As you know, I don’t really care all that much about the state of the housing market, one way or another, because I’m more focused on individuals, and helping people find a safe, comfortable place to live in a nice neighborhood, world economy be damned.
Still, we don’t live in a vacuum, now, do we?
Here are a couple of snippets from a great interview with W. Scott Simon, who works at PIMCO, the big bond company. I think what he says is spot on.
What’s going on with the housing market?
About a year ago, we forecast double-digit increases in home prices and a really robust housing market through the end of 2005, followed by a gradual slowdown in 2006 to about five percent price appreciation. And that is the path that the housing market has taken.
What’s going on? What’s the problem?
Home prices are increasing more slowly, the volume of sales is down at least 10 percent, the number of homes on the market is starting to really skyrocket, the number of days homes are on the market is increasing, affordability has gotten much worse, and interest rates are up. When you add all of these things up, overall conditions in the housing market are fairly negative, so we just think the market is slowing under its own weight.
That’s none too cheery. Is Armaggedon ahead?
Weâ€™ve looked at housing bubbles over the last couple of hundred years and one thing that was very consistent and I think was really clear is that bubbles only burst when there is a lot of unemployment. If you just look at the last 25 years, there are two examples of housing bubbles that burst. In both cases, the banks ended up owning property that they wanted to get out of and ended up selling at any bid. Thatâ€™s how housing prices go down. Otherwise, people just live in their houses and the number of home sales really goes down a lot, but prices donâ€™t have to collapse because people have to live somewhere.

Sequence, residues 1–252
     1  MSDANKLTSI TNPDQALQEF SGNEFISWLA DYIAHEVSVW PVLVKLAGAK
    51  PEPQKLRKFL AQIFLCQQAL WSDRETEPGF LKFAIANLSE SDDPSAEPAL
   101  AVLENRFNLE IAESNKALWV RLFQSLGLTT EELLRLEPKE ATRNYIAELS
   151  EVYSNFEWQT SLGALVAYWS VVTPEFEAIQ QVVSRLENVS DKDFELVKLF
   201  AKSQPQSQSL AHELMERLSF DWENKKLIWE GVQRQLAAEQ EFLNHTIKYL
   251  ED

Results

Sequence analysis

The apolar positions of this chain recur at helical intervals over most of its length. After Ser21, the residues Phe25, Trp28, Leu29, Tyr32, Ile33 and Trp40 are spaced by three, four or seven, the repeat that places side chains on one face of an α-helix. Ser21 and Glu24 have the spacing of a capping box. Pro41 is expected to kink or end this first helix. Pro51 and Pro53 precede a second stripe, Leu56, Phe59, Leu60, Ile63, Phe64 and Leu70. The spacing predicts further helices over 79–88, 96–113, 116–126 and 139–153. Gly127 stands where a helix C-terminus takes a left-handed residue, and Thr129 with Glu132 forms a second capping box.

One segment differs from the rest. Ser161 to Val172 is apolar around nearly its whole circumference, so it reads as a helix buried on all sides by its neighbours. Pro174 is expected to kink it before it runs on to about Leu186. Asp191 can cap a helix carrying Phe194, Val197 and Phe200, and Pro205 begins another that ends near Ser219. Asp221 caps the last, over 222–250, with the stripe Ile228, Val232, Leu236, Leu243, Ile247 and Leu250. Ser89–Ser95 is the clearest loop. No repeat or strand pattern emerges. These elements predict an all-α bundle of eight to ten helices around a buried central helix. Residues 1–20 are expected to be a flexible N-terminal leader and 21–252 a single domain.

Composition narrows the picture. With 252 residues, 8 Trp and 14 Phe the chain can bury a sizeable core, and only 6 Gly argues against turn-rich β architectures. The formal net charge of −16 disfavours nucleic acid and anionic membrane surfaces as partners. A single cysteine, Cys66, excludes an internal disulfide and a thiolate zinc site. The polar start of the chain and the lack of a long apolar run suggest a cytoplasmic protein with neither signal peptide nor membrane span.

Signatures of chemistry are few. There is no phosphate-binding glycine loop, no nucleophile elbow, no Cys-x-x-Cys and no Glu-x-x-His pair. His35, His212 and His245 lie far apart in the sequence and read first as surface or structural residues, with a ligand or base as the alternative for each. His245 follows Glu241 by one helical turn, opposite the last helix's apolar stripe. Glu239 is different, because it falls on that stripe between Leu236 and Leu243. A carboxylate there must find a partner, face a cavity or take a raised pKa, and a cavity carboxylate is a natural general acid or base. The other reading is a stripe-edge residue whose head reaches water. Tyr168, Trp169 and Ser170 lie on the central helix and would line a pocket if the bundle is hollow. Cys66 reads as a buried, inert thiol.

Hmmm. Reminds me of the late 1980s, when the federal government came into Massachusetts and took ownership of all those lousy condo conversions.
Where do we stand now?
30-year mortgage rates are now at the highest level in three years and the rate on adjustable-rate mortgages, which are much more dependent on the Fed, have gone up significantly. So the housing market has been squeezed on the affordability side and has lost fuel in its tank from the mortgage side, and the two add up to a gradual decline in activity.
Regional markets have seen a gradual erosion of the velocity of price increases, a gradual erosion of sales volumes, and a gradual increase in the volume of supply. Thatâ€™s pretty consistent. Some regions are slowing moderately and some are slowing a lot, but overall, the numbers suggest a gradual slowdown.